However, the FSSPLR, 2011, does not mandate mentioning the prescribed maximum quantity of the artificial sweetener that may be used on the label and therefore, the consumers are at a loss when it comes to knowing whether the mentioned quantity is within the prescribed maximum limit or not. Nutritional Information: Rule 3 of Food Safety and Standards (Packaging and Labeling) Regulations, 2011 states that for every 100 gm or 100 ml or per serving of a product the following information have to be given: “(i) energy value in kcal; (ii) the amounts of protein, carbohydrate (specify quantity of sugar) and fat in gram (g) or ml; (iii) the amount of any other nutrient for which a nutrition or health claim is made: Provided that where a declaration is made on a label regarding the amount or type of fatty acids or the amount of cholesterol, the amount of saturated fatty acids, monounsaturated fatty acids and polyunsaturated fatty acids in gram (g), cholesterol in milligram (mg) shall be declared, and the amount of trans fatty acid in gram (g) shall be declared in addition.” (Emphasis provided) As per the above mentioned regulation, Food Business Operators (FBO) have been allowed to claim that their product is “trans fat free”, when trans-fat, is less than 0.2 gm per serving of food and, also that their product is ‘saturated fat free’, in cases where the saturated fat does not exceed 0.1 gm per 100 gm or 100 ml of food. Therefore, most of the times, information on trans fat and saturated fat is depicted to be “zero”. It is important for the consumers to know that this means the trans fat and saturated fat levels are below the above-mentioned limits and may not be zero in reality. As such, consumption in large quantities may prove to be harmful. Further, a consumer needs to understand that daily requirement of a particular nutritive value is different for different group of consumers. Suggested trans fat for 18 plus years of an individual must not exceed 0.39 gram per serving and for children of 4-6 years, it must not exceed 0.23 gram per serving. So consumers, while buying products, need to be careful about the end consumers and their nutritional requirements. But how should the consumer know about these facts? Purity and freshness: With 2011 Regulations, FSSAI has tried to accommodate all the essential needs of a buyer in mind. One such need is that of “pure” and “fresh” consumer products. FSSPLR, 2011 states the conditions for using specific words or phrases as part of claims/brand or fancy name/ trademark. The regulation clarifies that the term “pure” shall only be used to describe a single ingredient food, to which nothing has been added and which is free from avoidable contamination. The levels of unavoidable contaminants need to be significantly below the levels, as mentioned in these Regulations on contaminants and toxins or Food Standards. For e.g- Milk sourced from single variety of milch cow/ buffalo can be called as pure, however, if the cheese that we consume is a by-product of both cow’s & buffalo’s milk, it cannot be said that the cheese so obtained is a “ pure milk cheese”. Similarly, item 3 of this Annexure speaks about using of the term “fresh” on the packaged food label. Under the law, the term “fresh” can only be used on products which have not been processed in any manner except, washed, peeled, chilled, trimmed or cut. The term “fresh” or “freshly” shall have no other connotation than the immediacy of the action being described. A food subjected to packaging, storing or any other supply chain processes that control freshness shall not be termed as “freshly stored”, “freshly packed” etc. Imitations: Further, FSSPLR, 2011 under the heading “Labelling of Fruits, Vegetables & their Products” states that labels on the food products cannot contain words or pictures that imply or give the wrong impression to the consumer that the product contains the specified amount of fruit. However, often we see a picture of lemon on our popular soda brand followed by the caption that the product contains no fruit and merely the fruit flavour. This is certainly as per the provisions of the Regulation which mandates clear mentioning on the label “Added (Name of the Fruit) Flavour” on the product or, else it will be seen as deceiving or misleading the consumer. Even the milk consumed as cow milk, is not cow milk at all. Similarly, if a fruit or vegetable product is fortified with Vitamin C then, it has to contain 40mgms of ascorbic acid per 100 gm (as per FSSPLR, 2011) of the product or it cannot be mentioned that it is fortified with Vitamin C. Therefore mere mention of Vitamin C is not enough on a product, till the time other distinguished information is not given.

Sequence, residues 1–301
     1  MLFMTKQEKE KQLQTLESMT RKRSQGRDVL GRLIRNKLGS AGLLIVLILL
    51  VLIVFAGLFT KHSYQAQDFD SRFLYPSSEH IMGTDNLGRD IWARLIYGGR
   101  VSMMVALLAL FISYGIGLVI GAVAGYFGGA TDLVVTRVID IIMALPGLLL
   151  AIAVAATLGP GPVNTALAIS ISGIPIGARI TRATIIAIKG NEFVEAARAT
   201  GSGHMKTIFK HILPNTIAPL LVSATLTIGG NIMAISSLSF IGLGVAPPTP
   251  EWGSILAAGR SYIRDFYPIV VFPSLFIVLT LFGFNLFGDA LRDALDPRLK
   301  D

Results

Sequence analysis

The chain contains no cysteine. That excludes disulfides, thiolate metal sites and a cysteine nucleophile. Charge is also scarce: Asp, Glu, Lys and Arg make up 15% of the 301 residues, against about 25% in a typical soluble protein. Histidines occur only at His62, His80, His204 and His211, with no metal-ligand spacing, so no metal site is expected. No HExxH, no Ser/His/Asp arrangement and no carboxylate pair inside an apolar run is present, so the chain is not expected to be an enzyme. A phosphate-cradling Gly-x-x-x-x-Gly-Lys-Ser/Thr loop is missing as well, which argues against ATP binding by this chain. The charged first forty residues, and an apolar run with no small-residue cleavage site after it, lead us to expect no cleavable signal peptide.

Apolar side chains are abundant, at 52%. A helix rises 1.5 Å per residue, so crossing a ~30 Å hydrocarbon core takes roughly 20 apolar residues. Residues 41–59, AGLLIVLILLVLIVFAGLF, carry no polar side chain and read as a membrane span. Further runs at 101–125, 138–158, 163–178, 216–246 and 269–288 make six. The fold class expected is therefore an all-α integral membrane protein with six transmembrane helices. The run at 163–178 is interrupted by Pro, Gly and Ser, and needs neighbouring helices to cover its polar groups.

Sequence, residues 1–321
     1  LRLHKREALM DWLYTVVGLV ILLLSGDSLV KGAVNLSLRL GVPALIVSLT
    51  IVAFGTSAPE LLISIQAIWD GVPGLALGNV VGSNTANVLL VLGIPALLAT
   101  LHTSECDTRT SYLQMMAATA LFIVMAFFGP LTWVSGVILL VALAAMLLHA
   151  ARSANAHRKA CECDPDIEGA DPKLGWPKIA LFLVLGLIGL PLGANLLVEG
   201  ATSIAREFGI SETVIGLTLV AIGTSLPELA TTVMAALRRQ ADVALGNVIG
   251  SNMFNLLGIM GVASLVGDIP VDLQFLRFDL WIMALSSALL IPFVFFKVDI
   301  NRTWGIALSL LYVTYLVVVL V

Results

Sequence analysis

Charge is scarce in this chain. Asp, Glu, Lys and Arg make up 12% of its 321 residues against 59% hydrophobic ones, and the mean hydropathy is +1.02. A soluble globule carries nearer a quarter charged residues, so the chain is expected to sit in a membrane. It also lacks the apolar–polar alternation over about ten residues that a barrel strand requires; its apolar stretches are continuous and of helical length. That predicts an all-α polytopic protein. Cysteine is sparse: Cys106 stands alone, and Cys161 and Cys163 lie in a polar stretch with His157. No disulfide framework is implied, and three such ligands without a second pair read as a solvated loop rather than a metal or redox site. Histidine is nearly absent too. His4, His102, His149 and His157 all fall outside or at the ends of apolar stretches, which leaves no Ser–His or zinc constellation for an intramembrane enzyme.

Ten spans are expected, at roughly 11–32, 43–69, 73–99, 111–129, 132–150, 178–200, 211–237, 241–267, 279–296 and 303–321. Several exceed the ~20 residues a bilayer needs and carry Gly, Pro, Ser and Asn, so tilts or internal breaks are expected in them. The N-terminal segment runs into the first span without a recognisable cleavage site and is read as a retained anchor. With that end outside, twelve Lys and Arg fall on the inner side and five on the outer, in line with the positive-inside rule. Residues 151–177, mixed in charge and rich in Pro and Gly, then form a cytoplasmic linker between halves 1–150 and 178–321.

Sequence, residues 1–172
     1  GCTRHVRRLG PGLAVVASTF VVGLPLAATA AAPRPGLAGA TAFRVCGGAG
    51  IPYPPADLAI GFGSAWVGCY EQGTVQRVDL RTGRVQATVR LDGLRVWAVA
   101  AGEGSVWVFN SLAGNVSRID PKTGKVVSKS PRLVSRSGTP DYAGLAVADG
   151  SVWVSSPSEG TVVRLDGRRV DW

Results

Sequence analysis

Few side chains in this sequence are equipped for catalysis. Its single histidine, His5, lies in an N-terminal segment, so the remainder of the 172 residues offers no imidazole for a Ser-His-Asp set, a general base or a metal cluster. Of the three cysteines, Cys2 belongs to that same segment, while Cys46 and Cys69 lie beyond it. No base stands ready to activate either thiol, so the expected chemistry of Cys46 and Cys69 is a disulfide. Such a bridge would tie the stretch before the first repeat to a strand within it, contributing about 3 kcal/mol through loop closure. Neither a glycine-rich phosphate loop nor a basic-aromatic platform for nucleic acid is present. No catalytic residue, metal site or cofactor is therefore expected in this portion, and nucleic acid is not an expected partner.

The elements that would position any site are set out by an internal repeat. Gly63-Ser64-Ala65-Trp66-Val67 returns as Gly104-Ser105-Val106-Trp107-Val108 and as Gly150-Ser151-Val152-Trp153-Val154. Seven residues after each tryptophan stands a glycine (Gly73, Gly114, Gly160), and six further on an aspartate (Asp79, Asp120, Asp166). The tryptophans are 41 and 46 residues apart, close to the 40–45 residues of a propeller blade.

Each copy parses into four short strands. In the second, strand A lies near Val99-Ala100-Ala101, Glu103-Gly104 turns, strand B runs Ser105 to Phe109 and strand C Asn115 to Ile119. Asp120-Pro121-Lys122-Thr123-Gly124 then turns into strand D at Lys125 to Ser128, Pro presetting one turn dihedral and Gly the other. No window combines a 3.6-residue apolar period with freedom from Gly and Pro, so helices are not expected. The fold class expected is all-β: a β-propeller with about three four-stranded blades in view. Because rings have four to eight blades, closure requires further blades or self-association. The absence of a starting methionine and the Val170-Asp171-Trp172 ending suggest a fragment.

Can we do anything before things go wrong?

With the recent debacle about the non complied lead and MSG level in a well known noodle brand, the debate regarding safety parameters of packaged foods have become a burning issue and it is high time that this issue is addressed with all the attention that it deserves. As an informed consumer, knowing about labels of the products, is important. But what should be done when we feel that something is wrong in a product. Do we wait for the government and its authorities to do something about it or can we take some action? Under Section 40 of the Act, the purchaser after informing the FBO can give any product for product analysis to government assigned food analyst, by paying a nominal fee. After the analysis of that product, if non-compliance is discovered, then, the nominal fee will be refunded and a complaint will be filed by the Food Inspector against the manufacturer as per the Act. The entire procedure for addressing such applications submitted by the purchaser has been laid in the Food Safety and Standards Rules, 2011. As a consumer: Awareness and protection always go hand in hand. Consumer Protection Act, 1986 is one such law which not only protects the Indian consumer but also states about consumer awareness campaigns. Such consumer awareness/education programmes should be propagated amongst the common buyers through effective campaigning, advertisements and government initiatives which inform the consumers about correct information, their rights and remedies available to them. Furthermore, such awareness programmes should be incorporated as a part of school curriculum to educate the upcoming consumers and making them aware about the choices they make and the repercussions. A very large part of India is still illiterate and no matter how elaborate the labels of products are, they are of no use to them. The regulations and laws made by the government should be drafted considering this big sect of consumers as well. One of the many possible solutions would be that of making more pictorial references on the products, this makes it easy for such consumers to understand. Statutory warnings which are mentioned on the products like that of cigarettes etc, should also be mentioned on the products which contain ingredients which might be harmful if there is prolonged usage of the product. The information being presented to the consumers through advertisements also plays a pivotal role which needs to be properly regulated. Only research based information should be reflected and not mere hoax promises about the products. The consumers should be informed enough to take a wise decision by distinguishing the correct information about products. Meanwhile, BUYER, BE AWARE! Authors: Kanishka Bajpai, Associate and Sohini Mandal, Senior Associate. With great inputs from Gaurav Maheshwari, Founder of